The Minister of Road Transport and Highways, Nitin Gadkari, has urged carmakers in India to up the safety quotient in all passenger vehicles.
Following a meeting today with the representatives from the Society of Indian Automobile Manufacturers (SIAM), Gadkari tweeted, “In the interest of passenger safety, I have appealed all private vehicle manufacturers to compulsorily provide a minimum of 6 airbags across all variants and segments of the vehicle.”
It must be noted however that Gadkari’s statement is just an appeal and for now there is no plan for six airbags to be made mandatory.
A driver airbag had become compulsory for all passenger vehicles from July 1, 2019 and starting April 1 this year, a front passenger airbag became mandatory for all new cars launched, with existing models expected to comply from August 31 initially, though the deadline was then pushed back to December 31, 2021.
Commenting on the transport minister's view of six airbags in cars, Maruti Suzuki India chairman R C Bhargava told Autocar Professional: "Putting additional airbags is not a problem but the question is, who would pay the cost and where is people’s ability to buy such cars? Without customers, it will impact the growth of the auto industry even further."
Putting airbags is not a problem but the question is who would pay the cost and where is people’s ability to buy such cars? Without customers, it will impact the growth of the auto industry even further.
Challenges for automakers in India
Installation of additional airbags will help improve a vehicle’s crash safety, however there are many challenges. For one, the additional cost would be substantial especially in the budget segment. A front airbag in an entry level car can cost anywhere between Rs 5,000 to Rs 10,000 and side and curtain airbags can cost double that.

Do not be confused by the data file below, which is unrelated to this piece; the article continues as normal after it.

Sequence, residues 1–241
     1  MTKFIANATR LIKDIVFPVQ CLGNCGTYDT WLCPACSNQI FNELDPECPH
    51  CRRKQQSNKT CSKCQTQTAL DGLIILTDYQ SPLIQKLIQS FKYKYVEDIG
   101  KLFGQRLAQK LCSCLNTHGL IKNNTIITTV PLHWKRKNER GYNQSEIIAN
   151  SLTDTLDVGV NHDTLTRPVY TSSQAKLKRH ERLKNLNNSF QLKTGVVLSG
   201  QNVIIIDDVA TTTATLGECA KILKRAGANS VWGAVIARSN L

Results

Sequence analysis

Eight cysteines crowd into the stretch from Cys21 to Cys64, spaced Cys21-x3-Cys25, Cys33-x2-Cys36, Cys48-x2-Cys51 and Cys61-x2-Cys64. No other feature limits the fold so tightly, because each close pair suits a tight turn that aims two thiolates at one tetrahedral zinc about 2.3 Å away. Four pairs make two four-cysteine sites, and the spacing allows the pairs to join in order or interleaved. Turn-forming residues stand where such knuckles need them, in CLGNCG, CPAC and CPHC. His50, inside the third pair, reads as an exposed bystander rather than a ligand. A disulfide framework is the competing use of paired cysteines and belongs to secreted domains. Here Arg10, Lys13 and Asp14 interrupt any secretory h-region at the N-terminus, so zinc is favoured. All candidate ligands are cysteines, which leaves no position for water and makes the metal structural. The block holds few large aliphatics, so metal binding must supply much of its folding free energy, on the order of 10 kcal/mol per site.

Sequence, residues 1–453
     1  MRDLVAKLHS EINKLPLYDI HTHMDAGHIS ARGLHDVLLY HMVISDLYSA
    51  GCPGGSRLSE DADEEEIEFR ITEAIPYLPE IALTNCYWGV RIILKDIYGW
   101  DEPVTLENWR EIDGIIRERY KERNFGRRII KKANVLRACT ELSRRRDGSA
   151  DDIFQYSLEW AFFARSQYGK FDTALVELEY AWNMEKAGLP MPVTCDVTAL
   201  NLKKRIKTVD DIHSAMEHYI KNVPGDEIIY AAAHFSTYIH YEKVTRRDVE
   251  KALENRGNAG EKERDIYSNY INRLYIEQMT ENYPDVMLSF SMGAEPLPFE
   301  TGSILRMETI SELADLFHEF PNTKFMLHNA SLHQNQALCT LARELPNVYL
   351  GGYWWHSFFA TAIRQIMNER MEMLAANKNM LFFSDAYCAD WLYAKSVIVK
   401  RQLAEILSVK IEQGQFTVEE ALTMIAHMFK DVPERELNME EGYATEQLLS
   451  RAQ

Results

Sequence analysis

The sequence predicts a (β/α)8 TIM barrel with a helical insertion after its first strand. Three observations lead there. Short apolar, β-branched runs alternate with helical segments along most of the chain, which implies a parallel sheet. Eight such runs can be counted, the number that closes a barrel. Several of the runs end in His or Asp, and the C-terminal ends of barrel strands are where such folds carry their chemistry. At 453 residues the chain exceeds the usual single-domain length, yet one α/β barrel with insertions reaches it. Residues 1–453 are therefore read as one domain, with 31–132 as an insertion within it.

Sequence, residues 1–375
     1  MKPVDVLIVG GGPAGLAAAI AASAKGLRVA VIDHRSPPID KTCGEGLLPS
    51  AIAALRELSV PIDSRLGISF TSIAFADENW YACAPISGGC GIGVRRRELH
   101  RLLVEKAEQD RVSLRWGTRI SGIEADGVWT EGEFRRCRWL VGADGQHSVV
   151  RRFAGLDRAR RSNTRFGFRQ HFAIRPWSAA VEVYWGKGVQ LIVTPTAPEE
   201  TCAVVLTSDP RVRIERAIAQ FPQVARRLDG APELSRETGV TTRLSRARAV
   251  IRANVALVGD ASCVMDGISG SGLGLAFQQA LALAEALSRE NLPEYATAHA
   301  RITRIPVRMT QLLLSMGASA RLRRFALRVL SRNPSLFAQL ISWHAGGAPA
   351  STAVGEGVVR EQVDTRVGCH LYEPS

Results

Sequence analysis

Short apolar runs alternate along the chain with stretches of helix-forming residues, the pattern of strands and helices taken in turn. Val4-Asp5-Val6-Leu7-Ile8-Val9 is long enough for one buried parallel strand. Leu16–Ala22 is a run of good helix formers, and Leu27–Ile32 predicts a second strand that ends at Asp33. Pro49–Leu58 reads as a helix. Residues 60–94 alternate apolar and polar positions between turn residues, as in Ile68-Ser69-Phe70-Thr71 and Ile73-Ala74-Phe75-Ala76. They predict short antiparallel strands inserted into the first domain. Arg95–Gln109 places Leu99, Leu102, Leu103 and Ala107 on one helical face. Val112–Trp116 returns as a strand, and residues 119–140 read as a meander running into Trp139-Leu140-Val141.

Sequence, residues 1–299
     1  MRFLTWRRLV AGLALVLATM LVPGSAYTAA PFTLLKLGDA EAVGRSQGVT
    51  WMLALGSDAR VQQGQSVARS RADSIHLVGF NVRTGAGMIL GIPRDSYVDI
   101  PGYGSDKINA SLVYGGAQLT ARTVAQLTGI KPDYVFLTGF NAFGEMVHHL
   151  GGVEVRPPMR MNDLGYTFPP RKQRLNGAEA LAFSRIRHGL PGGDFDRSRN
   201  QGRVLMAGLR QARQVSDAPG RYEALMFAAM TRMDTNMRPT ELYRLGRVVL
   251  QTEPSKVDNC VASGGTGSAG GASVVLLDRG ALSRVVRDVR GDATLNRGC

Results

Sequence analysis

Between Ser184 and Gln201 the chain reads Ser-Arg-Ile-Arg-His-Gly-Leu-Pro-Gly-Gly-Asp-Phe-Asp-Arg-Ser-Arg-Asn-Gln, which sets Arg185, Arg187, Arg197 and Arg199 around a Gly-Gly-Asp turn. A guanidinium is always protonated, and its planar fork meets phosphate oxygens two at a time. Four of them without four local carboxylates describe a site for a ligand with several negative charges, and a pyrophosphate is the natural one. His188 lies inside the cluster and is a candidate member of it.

Additionally, installing these airbags will involve a lot of re-engineering in cars not originally designed to offer that level of protection. Changes to the body shell, as well as to the interior trim and fittings would be required to make sure that the airbags deploy effectively and safely. In some cases, the vehicle’s body shell and platform may simply not be able to support this and a manufacturer may simply have to wait for the next-generation platform.
In reality, most manufacturers offer six airbags in at least some of their models however these are all in the higher segments. The budget end of the car market, which also forms the bulk of the sales, do not have cars with six airbags while like Maruti Suzuki , Renault and Nissan, currently do not retail any models with six airbags.
Seatbelt strapping and the airbag safety connect
Seatbelts and airbags are an intrinsic part of a car’s restraint systems and they ‘collaborate’ in the event of a road crash or a sudden stop. While seatbelts work as primary restraint systems, airbags are the secondary restraint system. The two are linked by a unit called the SRS airbag module. In most cars, it is necessary for seatbelts to be fastened if the airbags are to deploy and protect the vehicle occupants.
In CY2019, as per MoRTH’s Road Accident Report, a total of 449,002 accidents took place in India, leading to 151,113 fatalities and 451,361 injuries. In percentage terms, the number of accidents decreased by 3.86 percent in 2019 over CY2018, while the accident-related deaths decreased by 0.20 % and the persons injured decreased by 3.86 percent. The decline in road accidents, killings and injuries reported in 2019 appear to have been a result of the Motor Vehicle Act implemented in States from September 1, 2019 which sharpened the focus on road safety.
However, the protection afforded by airbags now mandated in cars is rendered ineffective if seatbelts are not strapped on. In 2019, non-wearing of seatbelts was found to be associated with 20,885 deaths and accounted for 13.82 percent of total road accident deaths in the country during 2019 involving 9,562 drivers and 11,323 passengers.